United States District Court, N.D. Illinois
March 12, 2004.
Bloomin Apple LLC
The opinion of the court was delivered by: PHILIP REINHARD, District Judge
For the reason stated on the reverse memorandum opinion and order, the
court grants defendants' motion for summary judgment as to both
plaintiffs and dismisses this cause in its entirety.
MEMORANDUM OPINION AND ORDER
Plaintiffs, Serena Miller and Stacy Whitfield, filed an amended
complaint, naming as defendants, The Bloomin' Apple, LLC, and The
Bloomin' Apple Feeport, LLC, and alleging that they were the victims of
race discrimination when they were not promoted from the position of
serverto the position of bartender at the Appelbee's restaurant in
Freeport, Illinois. Defendants have moved for summary judgment, asserting
that defendant, The Bloomin' Apple, LLC, was not an employer of either
plaintiff and, alternatively, that plaintiffs have failed to establish a
prima facie case of race discrimination or show that the reason offered by
defendants for not promoting either was a pretext for race
Initially, the court denies summary judgment to defendant, The Bloomin'
Apple, LLC, as there exists a question of material fact as to whether it
was an employer of plaintiffs.
Turning to the alternative basis for summary judgment, plaintiffs have
chosen to characterize their claims as ones for failure to promote. While
it is debatable, based on the evidence, whether a move from server to
bartender was in fact a promotion, the court will consider plaintiffs'
claims in the context of a failure to promote.
Plaintiffs concede that they have no direct evidence of discrimination
and so proceed under the burden-shifting methodology of McDonnell Douglas
Corp. v. Green. 411 U.S. 792 (1973). See Grayson v. City of Chicago.
317 F.3d 745, 748 (7th Cir. 2003). Under that approach, a prima facie
case of employment discrimination creates a rebuttable presumption that
the employer's actions, if unexplained, were the result of impermissible
factors and shifts the burden of production to the employer to articulate
some legitimate, nondiscriminatory reason for its actions. Grayson. 317
F.3d at 748. If the employer meets that burden, the plaintiff must show
that the articulated reasons are pretextual. Grayson. 317 F.3d at 748. In
order to establish a prima facie case in the failure-to-promote context,
the plaintiff must show that: (1) she belongs to a protected class; (2)
she applied for and was qualified for the position sought; (3) she was
rejected for that position; and (4) the employer granted the promotion to
someone outside of the protected group who was not better qualified than
the plaintiff. Grayson, 317 F.3d at 748.
In this case, the court will apply this analysis to each plaintiff
separately. In doing so, the court must define the position to which both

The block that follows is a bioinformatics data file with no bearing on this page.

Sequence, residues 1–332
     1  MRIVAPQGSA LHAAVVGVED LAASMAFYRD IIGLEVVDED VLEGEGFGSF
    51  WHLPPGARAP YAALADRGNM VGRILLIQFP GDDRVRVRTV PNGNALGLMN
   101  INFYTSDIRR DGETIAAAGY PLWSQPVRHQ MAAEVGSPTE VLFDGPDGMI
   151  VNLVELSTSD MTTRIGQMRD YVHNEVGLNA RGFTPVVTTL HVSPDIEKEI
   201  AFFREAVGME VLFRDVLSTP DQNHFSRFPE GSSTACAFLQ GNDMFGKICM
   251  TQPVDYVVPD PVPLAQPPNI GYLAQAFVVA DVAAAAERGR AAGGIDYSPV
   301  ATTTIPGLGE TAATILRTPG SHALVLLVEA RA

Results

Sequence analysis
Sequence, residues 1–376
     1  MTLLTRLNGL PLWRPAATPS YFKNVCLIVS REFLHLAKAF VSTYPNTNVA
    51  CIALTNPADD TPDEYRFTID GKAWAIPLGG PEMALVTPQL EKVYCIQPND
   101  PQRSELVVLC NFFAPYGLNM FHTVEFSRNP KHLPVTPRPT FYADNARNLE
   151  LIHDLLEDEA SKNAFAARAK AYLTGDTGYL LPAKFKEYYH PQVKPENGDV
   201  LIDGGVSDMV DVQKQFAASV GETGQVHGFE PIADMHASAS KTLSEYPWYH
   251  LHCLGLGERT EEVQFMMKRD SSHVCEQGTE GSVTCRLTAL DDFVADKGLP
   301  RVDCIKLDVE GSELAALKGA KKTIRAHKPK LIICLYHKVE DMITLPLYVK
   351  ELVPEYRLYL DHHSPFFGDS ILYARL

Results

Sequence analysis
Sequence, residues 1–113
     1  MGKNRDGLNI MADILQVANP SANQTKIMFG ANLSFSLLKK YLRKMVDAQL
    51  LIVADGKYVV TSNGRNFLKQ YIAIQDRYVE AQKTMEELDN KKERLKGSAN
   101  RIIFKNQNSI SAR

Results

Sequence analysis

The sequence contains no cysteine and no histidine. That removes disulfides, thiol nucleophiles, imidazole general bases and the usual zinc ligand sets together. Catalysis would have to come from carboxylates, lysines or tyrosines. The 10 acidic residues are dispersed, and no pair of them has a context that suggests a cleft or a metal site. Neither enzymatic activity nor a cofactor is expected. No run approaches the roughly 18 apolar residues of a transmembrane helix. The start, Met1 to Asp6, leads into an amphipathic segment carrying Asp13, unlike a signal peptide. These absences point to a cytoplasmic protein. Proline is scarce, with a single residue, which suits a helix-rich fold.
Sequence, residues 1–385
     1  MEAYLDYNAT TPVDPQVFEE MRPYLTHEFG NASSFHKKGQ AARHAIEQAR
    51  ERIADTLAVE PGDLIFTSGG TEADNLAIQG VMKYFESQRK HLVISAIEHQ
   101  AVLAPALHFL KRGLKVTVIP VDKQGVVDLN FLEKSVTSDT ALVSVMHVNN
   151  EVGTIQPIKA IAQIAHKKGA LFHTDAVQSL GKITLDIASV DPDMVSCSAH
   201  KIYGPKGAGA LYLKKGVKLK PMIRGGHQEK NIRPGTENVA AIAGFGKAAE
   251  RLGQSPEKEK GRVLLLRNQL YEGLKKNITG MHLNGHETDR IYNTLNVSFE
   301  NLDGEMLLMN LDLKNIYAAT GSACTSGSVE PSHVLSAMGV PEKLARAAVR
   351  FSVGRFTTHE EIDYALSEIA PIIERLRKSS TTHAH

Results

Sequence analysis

plaintiffs claim they were not promoted. First, contrary to their
assertion in their brief, there was no "bartender trainee" position.
While all new bartenders underwent training, the undisputed evidence is
that the position was for bartender. Having said that, it is also
undisputed that the two bartender positions that plaintiffs sought
required some level of prior experience and an availability to work full
As for Whitfield, she has failed to establish either element 2 or 4 of
the prima facie case. She was not qualified for the position because she
lacked prior experience as a bartender. It is also undisputed that as to
element 4 the people chosen to fill the particular positions at issue had
previous bartending experience.
In the case of Miller, while she did have some prior bartending
experience, she fails to establish element 4 because she has not shown
that the people selected were not better qualified than her. Curiously,
even though she carries the burden to establish all elements of the prima
facie case, she stated in her deposition that she did not care what the
qualifications for the people chosen were. This was both a strategic
error and fatal to her claim.
Aside from any failure to establish a prima facie case, neither
plaintiff has offered any evidence from which a reasonable trier of
fact could conclude that the reasons asserted by defendants for hiring
someone other than plaintiffs was pretextual. It is undisputed that
defendants reasons for doing so were based on a combination of their
need for experienced bartenders at those particular times and certain
concerns pertaining to each plaintiff's qualifications. For example,
defendants were concerned about Miller's availability to work full
shifts and her job performance as a server. As for Whitfield, she
lacked bartending experience and had either not finished her probation
or had only recently done so. These legitimate, nondiscriminatory
reason have gone unrebutted.
Plaintiffs having failed to establish a prima facie case of race
discrimination or to show that defendants' reasons were pretextual, the
court grants defendants' motion for summary judgment and dismisses this
cause in its entirety.
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